Winter’s effect on grouse can be critical to the following Fall’s numbers. It can be hard on all animals with deep snow, limited food availability, shortened days and the bitter cold. All of these increase the need for more food to keep the metabolism going and body heated up. It’s a vicious cycle and this is not seen more readily than in the winter life of the ruffed grouse. Ruffs, like other animals, need food, shelter and protection from predators to make it through our northern Michigan winters.
Winter Food for Grouse
As winter sets in the grouse will feed twice a day and move into the thick berry shrubs and mature aspen stands (usually 16+ years old). Specifically, the grouse prefer male aspen buds as they are higher in protein than the females. This becomes especially important when the temperature dip down to 20 degrees or lower. At that temperature, grouse experience a rapid increase in metabolism which requires more food to stay warm and survive. These mature male aspen buds are the best bang for the buck.
Shelter/Protection for Grouse
Shelter and protection for grouse are much the same as we get into winter. Grouse will continue to roost in protective trees such as pines until we get around 10″ of snow. At that point, the phenomenon knowns as snow burrowing starts. This is when a grouse flies into a snowbank (usually at the base of a tree). Then, it moves up to 20 feet left or right to roost. Snow burrowing is critical to the survival of the grouse for two reasons. First, it hides them from avian and four-legged predators. Second, it helps the grouse stay warm (above that 20 degree mark) in its snowy cocoon.
This lateral movement keeps any predator wondering where the tasty morsel flew to. Each day the grouse explodes out of its burrow to find sustenance and returns at the end of the day to a new snowy burrow. I say “explodes” because if you have ever been next to one coming out of its burrow, it is 10 times more adrenaline-pumping than a fall flush.
While snow burrowing is critical to the survival of the ruff, it can be deadly. Warmer days that melt the top of the snow pack followed by very cold evenings will cause a layer of ice to form on top of the snow. This is dangerous for the ruffs. They either get caught in the burrow and die, or hit the refrozen snow when returning to roost and die. It is biologically important since they still practice the ritual. In years where the grouse are able to snow burrow starting in December, it many times results in higher numbers the following Fall.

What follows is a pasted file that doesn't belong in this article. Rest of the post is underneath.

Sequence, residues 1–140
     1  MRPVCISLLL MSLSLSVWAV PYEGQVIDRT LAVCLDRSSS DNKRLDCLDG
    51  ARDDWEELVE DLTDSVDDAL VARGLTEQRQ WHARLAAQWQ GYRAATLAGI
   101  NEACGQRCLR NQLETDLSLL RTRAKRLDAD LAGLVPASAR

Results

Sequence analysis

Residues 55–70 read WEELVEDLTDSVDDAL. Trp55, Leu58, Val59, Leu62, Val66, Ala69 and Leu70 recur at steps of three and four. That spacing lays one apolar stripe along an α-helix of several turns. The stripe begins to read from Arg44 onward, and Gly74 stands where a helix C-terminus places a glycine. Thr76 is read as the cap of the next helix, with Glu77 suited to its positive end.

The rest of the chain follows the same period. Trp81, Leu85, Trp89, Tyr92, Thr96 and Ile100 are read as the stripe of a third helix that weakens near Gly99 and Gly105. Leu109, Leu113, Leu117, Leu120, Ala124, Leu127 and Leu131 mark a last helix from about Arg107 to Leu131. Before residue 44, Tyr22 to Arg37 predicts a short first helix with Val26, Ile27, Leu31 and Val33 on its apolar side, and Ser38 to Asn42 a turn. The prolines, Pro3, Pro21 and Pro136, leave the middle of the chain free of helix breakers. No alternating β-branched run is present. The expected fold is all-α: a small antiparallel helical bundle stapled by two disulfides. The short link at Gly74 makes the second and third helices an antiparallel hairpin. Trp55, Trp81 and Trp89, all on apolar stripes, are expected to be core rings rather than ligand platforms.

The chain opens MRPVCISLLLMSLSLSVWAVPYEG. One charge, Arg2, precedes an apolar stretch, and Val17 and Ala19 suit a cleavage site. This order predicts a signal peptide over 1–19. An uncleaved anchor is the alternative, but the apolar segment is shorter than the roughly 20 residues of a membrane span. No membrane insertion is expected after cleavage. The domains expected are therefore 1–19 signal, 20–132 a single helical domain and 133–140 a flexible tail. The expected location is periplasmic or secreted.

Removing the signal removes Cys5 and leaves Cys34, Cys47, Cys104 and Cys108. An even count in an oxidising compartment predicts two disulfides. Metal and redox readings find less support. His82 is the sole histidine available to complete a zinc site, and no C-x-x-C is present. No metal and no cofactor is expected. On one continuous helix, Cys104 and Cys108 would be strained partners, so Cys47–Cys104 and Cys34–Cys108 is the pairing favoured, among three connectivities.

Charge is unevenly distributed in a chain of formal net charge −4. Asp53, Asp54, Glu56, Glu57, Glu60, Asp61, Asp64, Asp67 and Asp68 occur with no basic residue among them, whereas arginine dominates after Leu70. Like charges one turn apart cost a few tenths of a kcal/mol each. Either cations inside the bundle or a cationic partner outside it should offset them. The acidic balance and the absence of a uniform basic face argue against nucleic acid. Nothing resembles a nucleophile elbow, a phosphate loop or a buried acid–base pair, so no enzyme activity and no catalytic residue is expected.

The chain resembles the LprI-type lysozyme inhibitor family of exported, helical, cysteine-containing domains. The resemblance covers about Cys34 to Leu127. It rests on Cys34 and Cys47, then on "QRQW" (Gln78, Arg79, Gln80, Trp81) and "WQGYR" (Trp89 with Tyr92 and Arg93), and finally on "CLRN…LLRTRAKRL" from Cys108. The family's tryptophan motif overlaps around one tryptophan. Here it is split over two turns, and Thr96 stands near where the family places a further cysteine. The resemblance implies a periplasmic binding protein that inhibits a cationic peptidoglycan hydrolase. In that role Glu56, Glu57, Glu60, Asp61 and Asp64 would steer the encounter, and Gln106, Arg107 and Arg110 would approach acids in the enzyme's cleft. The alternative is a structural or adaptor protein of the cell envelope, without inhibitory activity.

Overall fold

It is almost the halfway point of the winter and until this most recent polar vortex, we have had some very cold days and nights without considerable snowfall. There has been very little snow exceeding 10″ to protect the grouse from predation. Many nights have had frigid temperatures. The birds have been fighting all winter to survive and find food. Many have likely been forced to continue to roost in pines and swamps. This brings more exposure to frigid overnight temps and to hawks and owls, their two main predators. Will this affect grouse numbers? Only time will tell. Last winter was mild and my clients and I had good numbers this season. The Spring freeze/thaw cycles and brood survival will tell us more as we get on the other side of winter.
What I can tell you is that it is a perfect time to work on your pup’s obedience drills and just enjoy the time with the family because before we know it April 1st will be here and chukar season will be upon us at Thundering Aspens. Chukar season is a great time to get the cobwebs out from between your pup’s ears, tune up him or her up and even get that young dog out on some great birds that hold for the point and fly strong. Make a cast and blast day of it and get on the river for some spring steelhead as well!
For more information, click here and then give Cherie a call at 231-228-7135 to get on the calendar.